That’s it, pick one.

I have been guilty of overeating, both as I was learning right after surgery and still even 5 years later.

It happens. When I overeat, I have to take control and stop myself. It’s a skill, and it can be learned through listening to your tool. Listen to your restriction, and respect yourself enough to stop.

By learning your personal triggers, and identifying non-food related coping mechanisms for those triggers, you can stop turning to food. You can stop overeating, because you’re pouch says “Enough” and you say “Ok”.

And then you put down the food, and maybe even walk away from it.


After gastric bypass you will be able to eat like a healthy person.

“Normal” for me meant binge eating over 5000 calories a day. So, no. If you respect your tool, you will never again eat like you “normally” did before surgery.

Thank the Lord.

But you will be eating in a different way after surgery.

When I am in a social setting, my plate is never nearly as cleared as anyone else’s. I can still order the same foods as them (though I usually don’t), but I eat the proteins first and I never get a salad.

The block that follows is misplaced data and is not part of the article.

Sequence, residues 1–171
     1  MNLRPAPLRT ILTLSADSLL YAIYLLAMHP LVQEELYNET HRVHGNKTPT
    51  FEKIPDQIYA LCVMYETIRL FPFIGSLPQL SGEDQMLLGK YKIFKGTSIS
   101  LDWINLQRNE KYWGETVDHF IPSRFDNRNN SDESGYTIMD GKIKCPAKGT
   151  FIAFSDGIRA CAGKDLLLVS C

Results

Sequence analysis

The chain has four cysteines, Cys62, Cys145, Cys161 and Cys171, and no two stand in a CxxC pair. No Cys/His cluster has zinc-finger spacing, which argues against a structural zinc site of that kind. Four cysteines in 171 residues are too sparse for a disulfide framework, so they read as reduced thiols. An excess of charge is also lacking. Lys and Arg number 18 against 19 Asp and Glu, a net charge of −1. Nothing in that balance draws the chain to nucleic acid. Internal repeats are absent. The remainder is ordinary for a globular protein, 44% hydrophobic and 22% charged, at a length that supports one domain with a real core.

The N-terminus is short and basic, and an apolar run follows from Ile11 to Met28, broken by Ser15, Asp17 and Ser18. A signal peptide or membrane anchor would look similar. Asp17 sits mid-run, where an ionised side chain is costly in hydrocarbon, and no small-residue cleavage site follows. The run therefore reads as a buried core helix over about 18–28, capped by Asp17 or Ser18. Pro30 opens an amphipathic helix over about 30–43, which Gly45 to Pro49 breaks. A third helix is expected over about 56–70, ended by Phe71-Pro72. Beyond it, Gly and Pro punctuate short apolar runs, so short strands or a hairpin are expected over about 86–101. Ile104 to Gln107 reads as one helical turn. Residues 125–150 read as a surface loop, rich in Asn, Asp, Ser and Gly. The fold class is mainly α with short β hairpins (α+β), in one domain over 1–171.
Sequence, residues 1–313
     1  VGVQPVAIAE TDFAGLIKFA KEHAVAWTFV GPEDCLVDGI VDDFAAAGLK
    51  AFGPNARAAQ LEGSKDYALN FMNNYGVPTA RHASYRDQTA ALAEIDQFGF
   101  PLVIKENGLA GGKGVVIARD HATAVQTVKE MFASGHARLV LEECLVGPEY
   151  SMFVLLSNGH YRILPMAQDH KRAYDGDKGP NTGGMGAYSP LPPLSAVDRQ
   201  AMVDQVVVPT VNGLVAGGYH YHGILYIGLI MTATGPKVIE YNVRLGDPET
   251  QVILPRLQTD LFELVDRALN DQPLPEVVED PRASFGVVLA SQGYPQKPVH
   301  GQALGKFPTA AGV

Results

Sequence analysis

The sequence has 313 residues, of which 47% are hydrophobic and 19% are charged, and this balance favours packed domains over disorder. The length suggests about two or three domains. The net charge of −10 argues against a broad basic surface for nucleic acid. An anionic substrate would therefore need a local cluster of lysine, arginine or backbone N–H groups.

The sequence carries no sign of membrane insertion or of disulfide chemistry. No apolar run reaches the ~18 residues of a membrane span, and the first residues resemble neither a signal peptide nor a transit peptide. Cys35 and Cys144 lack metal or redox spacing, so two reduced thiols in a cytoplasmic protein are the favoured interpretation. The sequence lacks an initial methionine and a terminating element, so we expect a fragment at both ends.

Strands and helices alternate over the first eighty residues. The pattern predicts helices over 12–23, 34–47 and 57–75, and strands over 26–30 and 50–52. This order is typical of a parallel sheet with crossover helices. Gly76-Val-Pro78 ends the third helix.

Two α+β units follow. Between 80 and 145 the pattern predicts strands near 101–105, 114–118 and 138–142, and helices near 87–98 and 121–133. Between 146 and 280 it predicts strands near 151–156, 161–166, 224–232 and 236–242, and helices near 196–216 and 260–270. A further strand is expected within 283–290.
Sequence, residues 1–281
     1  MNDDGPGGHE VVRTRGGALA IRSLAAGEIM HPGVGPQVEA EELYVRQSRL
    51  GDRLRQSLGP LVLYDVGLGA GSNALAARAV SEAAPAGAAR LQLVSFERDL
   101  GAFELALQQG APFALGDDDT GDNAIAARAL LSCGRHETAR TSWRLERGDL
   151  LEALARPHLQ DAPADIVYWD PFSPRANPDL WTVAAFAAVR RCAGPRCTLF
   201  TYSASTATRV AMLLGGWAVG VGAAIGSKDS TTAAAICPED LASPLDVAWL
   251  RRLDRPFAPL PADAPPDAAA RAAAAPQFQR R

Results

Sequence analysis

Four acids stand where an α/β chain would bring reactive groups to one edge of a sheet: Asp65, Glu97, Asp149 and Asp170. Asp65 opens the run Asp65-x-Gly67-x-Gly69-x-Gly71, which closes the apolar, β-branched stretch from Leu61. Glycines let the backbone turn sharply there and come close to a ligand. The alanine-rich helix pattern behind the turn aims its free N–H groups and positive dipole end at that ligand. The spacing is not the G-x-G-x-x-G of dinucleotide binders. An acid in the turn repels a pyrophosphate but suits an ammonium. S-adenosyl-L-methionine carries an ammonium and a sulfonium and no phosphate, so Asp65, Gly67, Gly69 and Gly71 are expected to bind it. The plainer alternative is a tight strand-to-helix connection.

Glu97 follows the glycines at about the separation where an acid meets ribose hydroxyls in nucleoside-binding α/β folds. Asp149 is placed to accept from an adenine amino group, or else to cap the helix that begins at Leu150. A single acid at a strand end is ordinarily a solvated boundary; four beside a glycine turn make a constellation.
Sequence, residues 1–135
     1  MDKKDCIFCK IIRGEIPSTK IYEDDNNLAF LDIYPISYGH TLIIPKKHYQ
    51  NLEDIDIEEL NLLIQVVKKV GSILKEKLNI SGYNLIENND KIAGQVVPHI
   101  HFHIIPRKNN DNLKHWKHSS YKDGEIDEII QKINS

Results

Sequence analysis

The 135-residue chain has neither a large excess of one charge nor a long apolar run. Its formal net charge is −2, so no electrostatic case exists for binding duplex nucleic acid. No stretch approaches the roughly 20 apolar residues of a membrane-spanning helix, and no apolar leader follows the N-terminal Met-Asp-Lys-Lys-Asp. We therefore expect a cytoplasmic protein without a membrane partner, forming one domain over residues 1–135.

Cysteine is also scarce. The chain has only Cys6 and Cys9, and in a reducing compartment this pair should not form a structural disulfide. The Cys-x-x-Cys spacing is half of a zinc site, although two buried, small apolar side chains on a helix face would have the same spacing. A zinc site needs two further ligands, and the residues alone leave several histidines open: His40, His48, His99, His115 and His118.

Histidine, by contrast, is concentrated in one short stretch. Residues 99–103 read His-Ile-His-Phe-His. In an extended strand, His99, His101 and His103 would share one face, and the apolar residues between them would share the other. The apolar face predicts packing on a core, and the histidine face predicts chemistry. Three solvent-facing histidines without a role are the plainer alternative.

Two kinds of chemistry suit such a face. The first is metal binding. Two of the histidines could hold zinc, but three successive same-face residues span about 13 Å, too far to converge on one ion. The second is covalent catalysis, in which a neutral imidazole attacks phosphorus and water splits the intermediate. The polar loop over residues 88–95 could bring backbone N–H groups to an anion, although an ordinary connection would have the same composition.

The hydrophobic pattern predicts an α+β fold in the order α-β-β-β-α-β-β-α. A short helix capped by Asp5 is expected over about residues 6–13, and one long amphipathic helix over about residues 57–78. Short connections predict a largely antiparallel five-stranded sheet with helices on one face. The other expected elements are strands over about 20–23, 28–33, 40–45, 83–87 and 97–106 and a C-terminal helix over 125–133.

I’ll always have a to-go box, and it’ll usually be full.

People often comment on the way I eat, usually it’s the overweight women in the group.

Not trying to be rude by singling them out, but it’s the truth and that’s why you’re here. It’s funny how they will watch and scrutinize what everyone else is eating, and then have the nerve to comment on it.

It happens to me often, because I’m thin and they want to know why.

It’s how I eat, and its NOT normal to them. It’s normal to me, and I’m happy with that.


Mashed potatoes are a great food to eat right after surgery, and for the rest of your life. Even better is mashed cauliflower.

Right after surgery you can eat what you’d feed a 6 month old baby.

So, if you can imagine being able to easily swallow it by only mashing your gums together without teeth, then you’re ok to try it as long as there are no added fats, sugars, or carbs.

So, leave out the gravy. I tried mashed potatoes at KFC with the gravy, and the dumping episode afterward turned me off their gravy for LIFE. I shudder now remembering it.

Be cautious about the PORTIONS of the mashed foods that you’ll be trying. These foods are known as SLIDER FOODS. Because they slide right through the pouch and right through the restriction.

It is not painful to overeat these foods. And you may not even know you’ve overeaten until your scale starts going the wrong way! Portion out first, then enjoy without going back for more.


Once you are in your maintenance phase after gastric bypass, it is common to start reintroducing carbs and breads, like pizza, back into the diet.